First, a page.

Although he grew up on the livestock side of agriculture, Chad Hart, extension grain markets specialist with Iowa State University Extension and Outreach, quickly realized the many ways that agriculture is integrated.
His family raised beef cattle and operated a small meat locker in southwest Missouri. He moved to Iowa in 1991, to pursue his graduate education, where he received a Ph.D. in economics and statistics from Iowa State University in 1999.
His focus today is on the grain market, but he works closely with other extension economists and specialists to stay current on all sectors of agriculture.
As extension grain markets specialist, I talk about the crop markets but I tend to venture into all of the various agricultural markets and help folks understand why the markets are doing what they’re doing.”
Economics can be a dry topic, and it is often referred to as “the dismal science.” However, Hart uses his personal experience and humor to show why numbers matter and how they relate to Iowans.
In addition to extension, he serves as professor in economics and enjoys making a difference across campus and beyond.
“As staff and faculty, we’ re contributing to that information transfer, not only to the students on campus but to Iowans and people across the globe,” said Hart.
How long have you worked for ISU Extension and Outreach?
Since the summer of 2008.
What do you do for ISU Extension and Outreach?
Explain crop markets and the factors impacting markets to people across Iowa, other states and across the globe.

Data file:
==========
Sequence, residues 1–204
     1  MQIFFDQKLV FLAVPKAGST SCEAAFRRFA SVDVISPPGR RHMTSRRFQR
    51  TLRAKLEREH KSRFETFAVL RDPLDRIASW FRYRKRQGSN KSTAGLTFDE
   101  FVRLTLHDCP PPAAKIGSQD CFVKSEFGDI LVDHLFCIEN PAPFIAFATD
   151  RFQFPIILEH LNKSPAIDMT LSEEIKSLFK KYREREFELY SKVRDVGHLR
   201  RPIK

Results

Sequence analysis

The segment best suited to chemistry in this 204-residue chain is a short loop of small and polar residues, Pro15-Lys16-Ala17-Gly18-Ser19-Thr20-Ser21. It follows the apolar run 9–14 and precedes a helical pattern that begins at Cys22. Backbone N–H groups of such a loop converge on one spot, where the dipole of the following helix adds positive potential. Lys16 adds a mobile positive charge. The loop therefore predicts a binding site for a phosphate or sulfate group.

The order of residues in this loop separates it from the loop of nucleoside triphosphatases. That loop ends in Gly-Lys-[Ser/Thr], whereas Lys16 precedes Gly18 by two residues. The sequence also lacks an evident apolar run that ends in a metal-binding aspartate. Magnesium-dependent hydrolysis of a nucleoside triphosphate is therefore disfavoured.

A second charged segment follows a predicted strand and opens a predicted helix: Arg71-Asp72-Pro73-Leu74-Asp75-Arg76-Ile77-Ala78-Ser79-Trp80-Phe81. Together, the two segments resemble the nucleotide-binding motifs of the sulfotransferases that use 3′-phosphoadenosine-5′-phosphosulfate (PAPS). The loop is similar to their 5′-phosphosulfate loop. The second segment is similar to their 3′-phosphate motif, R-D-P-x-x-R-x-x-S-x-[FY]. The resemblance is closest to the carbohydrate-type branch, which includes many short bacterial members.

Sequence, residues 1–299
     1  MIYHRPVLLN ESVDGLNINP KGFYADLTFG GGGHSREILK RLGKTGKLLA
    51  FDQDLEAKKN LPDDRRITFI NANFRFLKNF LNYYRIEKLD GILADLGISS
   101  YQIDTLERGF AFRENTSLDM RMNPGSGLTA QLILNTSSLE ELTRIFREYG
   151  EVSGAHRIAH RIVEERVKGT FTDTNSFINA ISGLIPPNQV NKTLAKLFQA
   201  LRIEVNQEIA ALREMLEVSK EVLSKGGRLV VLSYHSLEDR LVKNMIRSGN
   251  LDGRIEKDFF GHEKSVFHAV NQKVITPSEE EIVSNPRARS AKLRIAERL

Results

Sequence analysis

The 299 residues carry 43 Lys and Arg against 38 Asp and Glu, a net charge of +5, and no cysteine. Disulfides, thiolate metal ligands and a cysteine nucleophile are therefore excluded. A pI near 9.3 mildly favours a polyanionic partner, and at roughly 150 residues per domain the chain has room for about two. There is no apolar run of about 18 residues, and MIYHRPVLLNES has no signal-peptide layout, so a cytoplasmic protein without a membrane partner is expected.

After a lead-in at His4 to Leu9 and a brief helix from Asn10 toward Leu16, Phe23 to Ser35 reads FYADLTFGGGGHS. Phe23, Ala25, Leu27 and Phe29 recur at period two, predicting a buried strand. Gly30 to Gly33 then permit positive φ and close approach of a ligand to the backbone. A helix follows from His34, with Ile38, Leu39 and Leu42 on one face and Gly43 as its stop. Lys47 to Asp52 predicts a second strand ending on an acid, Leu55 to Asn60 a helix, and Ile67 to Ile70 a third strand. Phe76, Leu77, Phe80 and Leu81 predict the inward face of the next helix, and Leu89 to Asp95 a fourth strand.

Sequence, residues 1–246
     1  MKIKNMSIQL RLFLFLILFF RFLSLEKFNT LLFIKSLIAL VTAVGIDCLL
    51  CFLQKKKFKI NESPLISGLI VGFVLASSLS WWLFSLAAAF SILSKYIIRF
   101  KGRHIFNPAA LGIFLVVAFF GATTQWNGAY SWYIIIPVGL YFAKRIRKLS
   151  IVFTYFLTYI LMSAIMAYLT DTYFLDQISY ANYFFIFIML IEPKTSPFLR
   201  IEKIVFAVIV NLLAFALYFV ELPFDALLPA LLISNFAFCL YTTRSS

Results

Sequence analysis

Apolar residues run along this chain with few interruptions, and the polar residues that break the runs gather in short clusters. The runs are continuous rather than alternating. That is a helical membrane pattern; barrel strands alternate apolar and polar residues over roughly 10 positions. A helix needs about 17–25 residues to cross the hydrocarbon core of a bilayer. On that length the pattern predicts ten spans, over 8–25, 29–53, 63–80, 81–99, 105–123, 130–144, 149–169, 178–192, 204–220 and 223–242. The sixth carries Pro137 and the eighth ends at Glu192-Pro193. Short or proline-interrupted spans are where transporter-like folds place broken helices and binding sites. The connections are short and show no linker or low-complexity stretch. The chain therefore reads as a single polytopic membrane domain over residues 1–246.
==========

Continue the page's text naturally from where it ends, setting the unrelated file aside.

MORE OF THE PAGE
What is the best part of working for ISU Extension and Outreach?
I get to meet people and basically talk to the entire state of Iowa. I’ve ended up in a people-driven profession, recognizing that economics in itself is often seen as a dry subject.
What drew you to Iowa State?
The opportunity to continue my education with more emphasis on economics and statistics, and the research track options for graduate students.
Do you have any big or upcoming projects or events?
The winter meeting season is underway, with some unique offerings this year due to COVID-19. CropsTV will include 45 virtual sessions, with topics that include agronomy, markets, pest and soil management and professional development. The Pro-Ag Outlook series will be held virtually, beginning Dec. 7.
With your time with extension, what is one thing you would like to accomplish (or are especially proud to have accomplished) in this position?
Since I began with extension in 2008, I’ve seen nearly a complete turnover in all the faculty members in economics. I went from being one of the youngest to one of the oldest very quickly. In this short time, we’ve been able to develop some really strong programs across the state of Iowa, while addressing questions for producers – whether it’s with crops or livestock, or something else.
Name one fun thing about yourself that not many people know.
I like to wear jean shorts, if acceptable, even in the wintertime.
What do you do in your free time?
I love watching sports, especially baseball. I also enjoy good craft beer and helping my adult kids – 21 and 18, the youngest of whom is a freshman at Iowa State.
How do you create a #StrongIowa?
We help extend the knowledge that is created and disseminated on campus, out into the state and across the countryside. I argue that the work of extension is just as important today as it was 100 years ago, especially when we look at some of the issues we’re dealing with today.